View Full Version : Whats the best beginner elk hunt.
04-29-2011, 10:37 PM
Where should I go for a first time elk hunt? State and area of state? Bow, muzzleloader, or rifle?
04-29-2011, 11:31 PM
When I was a kid in the late 50's, my neighbor went on his first elk hunt. They left the house at first light and was back at 10:00 AM with a whole elk in the back of his pick-up. It seems that on their way to their chosen hunting spot they saw a 6X6 bull standing on the edge of a road bank. They shot it, backed the truck up to the bank and rolled the elk right into the back of his truck. When they got back home, the man said "what is so hard about hunting elk"! He never hunted them again because there was no challenge.
That was in Grants Pass, Oregon. So if you are looking for an easy hunt that's the place to go!
Seriously, just about all of the western states have their pros and cons. It's not an easy question to answer. Read the elk hunting forum here and you will see that elk are available everywhere but drawing a tag is not always easy. I would look for a state near you, that has good numbers and review the Eastmans MRS section of their magazine. Good luck on your quest!
04-30-2011, 06:33 AM
Just pick one and do it! It's all about the adventure.
If I was to pick, of course I would pick Montana in September. Bow all the way!
04-30-2011, 08:30 AM
If you are looking at sheer numbers of elk, over the counter tags, and opportunity at a legal bull, CO is the the place. There are just tons of elk there. I have friends that have been very successful on the Uncompahgre National Forest. Montana and Idaho also have excellent opportunities. Bow or rifle is your choice, but if you want to bowhunt for elk, make sure you are going during the rut. To be successful in public land elk hunting, you have to be willing to work harder than the next guy.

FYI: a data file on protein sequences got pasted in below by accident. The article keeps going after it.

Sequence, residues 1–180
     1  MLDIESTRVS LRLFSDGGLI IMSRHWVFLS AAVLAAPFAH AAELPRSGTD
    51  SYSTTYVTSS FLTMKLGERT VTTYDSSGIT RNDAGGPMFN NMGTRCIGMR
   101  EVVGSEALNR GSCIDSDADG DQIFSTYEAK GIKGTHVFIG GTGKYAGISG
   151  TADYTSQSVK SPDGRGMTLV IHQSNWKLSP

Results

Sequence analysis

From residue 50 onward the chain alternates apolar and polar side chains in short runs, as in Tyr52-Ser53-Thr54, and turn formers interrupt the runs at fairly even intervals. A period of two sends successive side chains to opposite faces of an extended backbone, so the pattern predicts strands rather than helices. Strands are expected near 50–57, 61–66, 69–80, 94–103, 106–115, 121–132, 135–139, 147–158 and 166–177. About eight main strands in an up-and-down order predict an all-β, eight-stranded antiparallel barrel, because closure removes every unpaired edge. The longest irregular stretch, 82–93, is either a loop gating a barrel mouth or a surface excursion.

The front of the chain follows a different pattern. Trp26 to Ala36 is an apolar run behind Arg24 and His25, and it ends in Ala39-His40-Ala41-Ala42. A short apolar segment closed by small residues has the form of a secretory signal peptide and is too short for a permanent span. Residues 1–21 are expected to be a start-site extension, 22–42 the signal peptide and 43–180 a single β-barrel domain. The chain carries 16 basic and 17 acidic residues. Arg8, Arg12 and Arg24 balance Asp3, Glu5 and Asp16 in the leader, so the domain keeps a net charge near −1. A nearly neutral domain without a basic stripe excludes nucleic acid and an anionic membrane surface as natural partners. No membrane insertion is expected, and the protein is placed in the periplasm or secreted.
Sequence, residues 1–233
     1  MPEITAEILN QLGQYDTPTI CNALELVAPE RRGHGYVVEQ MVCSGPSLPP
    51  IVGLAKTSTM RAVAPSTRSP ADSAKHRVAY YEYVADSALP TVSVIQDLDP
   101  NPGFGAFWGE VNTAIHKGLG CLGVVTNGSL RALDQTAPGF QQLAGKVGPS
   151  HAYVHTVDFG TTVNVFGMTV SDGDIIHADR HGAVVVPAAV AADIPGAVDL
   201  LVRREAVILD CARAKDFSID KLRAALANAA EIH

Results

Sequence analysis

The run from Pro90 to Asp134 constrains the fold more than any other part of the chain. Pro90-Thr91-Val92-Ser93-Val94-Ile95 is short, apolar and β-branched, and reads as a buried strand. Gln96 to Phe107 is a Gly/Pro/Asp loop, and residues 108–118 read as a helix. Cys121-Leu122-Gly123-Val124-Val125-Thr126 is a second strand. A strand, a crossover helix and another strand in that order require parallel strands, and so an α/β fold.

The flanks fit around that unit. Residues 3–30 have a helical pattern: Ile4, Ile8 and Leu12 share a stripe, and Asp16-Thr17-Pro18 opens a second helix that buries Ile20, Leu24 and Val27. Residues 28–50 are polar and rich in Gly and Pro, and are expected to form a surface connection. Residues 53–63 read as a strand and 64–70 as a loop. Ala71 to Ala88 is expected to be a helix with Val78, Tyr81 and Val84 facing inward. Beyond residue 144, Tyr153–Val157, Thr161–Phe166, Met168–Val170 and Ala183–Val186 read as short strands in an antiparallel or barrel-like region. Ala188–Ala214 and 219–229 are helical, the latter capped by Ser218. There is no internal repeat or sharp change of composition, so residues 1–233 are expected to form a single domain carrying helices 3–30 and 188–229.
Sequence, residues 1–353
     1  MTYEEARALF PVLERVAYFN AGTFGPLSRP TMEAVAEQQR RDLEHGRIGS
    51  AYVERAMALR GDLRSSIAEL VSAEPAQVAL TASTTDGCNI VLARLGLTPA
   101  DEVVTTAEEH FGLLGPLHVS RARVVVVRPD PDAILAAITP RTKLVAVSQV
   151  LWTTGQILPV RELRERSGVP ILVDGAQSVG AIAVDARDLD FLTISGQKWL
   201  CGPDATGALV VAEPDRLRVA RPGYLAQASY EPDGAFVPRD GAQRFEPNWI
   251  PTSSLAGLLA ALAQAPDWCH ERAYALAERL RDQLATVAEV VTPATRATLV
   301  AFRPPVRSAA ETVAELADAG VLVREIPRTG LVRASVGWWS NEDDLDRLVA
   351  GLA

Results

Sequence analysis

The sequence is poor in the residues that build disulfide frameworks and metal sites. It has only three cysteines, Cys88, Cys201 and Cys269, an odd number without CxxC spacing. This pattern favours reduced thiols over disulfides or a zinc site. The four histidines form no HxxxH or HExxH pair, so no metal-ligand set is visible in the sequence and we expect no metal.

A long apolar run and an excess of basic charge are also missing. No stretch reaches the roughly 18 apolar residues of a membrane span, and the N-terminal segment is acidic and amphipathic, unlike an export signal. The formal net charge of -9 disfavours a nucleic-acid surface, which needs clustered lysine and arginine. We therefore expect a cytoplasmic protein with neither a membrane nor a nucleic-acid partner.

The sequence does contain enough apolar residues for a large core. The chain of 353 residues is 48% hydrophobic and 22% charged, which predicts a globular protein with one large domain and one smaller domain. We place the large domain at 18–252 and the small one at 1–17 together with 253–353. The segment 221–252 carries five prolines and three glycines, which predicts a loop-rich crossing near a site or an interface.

04-30-2011, 11:04 AM
Bitterroot Bulls is spot on with his post.
04-30-2011, 03:50 PM
I agree about Colorado. Hunted many times first rifle hunt with a lot of success - lots of elk, lot of opportunities for branch antlered bulls. I also love Western Wyoming because I can hunt all September archery and all of October with a rifle and count on a tag every other year with a legitimate chance at a big bull. That may not work for some if they have to travel long distances. Been really dissapointed in Idaho last few years. Just my 2 cents.
04-30-2011, 09:15 PM
I went to Colorado on my first elk hunt. I think somewhere you can get an OTC tag with good numbers of elk. There's a lot to learn on your first trip. Good luck!
05-01-2011, 08:36 PM
like we've talked....find someone who can help you out. elk hunting is NOT whitetail hunting, it is work, work, work and a lot more work, and thats just getting started. if you bow hunt, you will have the time of your life hitting the rut. elk are talkin and fightin mad, at least in the area i hunt and there is an excellent chance of a getting on good 6's, with the off chance of a 370ish class bull. but getting on one and killin one are two different books.
i hunt western wyoming for a reason....its not arizona, new mexico or utah for number of big bulls, but it holds a lot of elk and if you can get high enough you can get away from the other hunters. getting away from hunters in one BIG advantage in elk hunting. last year alone, me and two other buddies had at least a dozen shooter bulls within bow range on our 7 day trip. But like i said, getting them in and being able to shoot an elk are two different books. All of us tagged out, but im the only one that brought in a nice 6x6
whatever you decide, try as hard as you can to talk to as many people who hunt THAT area....not all elk country is the same, and the ones that have hunted that area have a better idea on the movements of animals and where they like to call home. you can use the old "hunt the northside slope" idea, but that is not always the case. i know of several south and west slopes that hold elk every year....and some great lookin north slopes that i couldnt catch a cold in. So collect info as much as you can and go with someone that might know the area.
its a lot of money you are going to spend, no matter where you go.....try to find someone local to help you out. you are already starting from behind being from out of state, then with the odds of shooting a bull at about 20% or less...your chances are heading down hill in a hurry. im not an outfitter and im not advocating for them but being successful at elk i would NOT try it on your own the first time. Find a local and mother up or find an outfitter, you will not regret it.
05-01-2011, 11:27 PM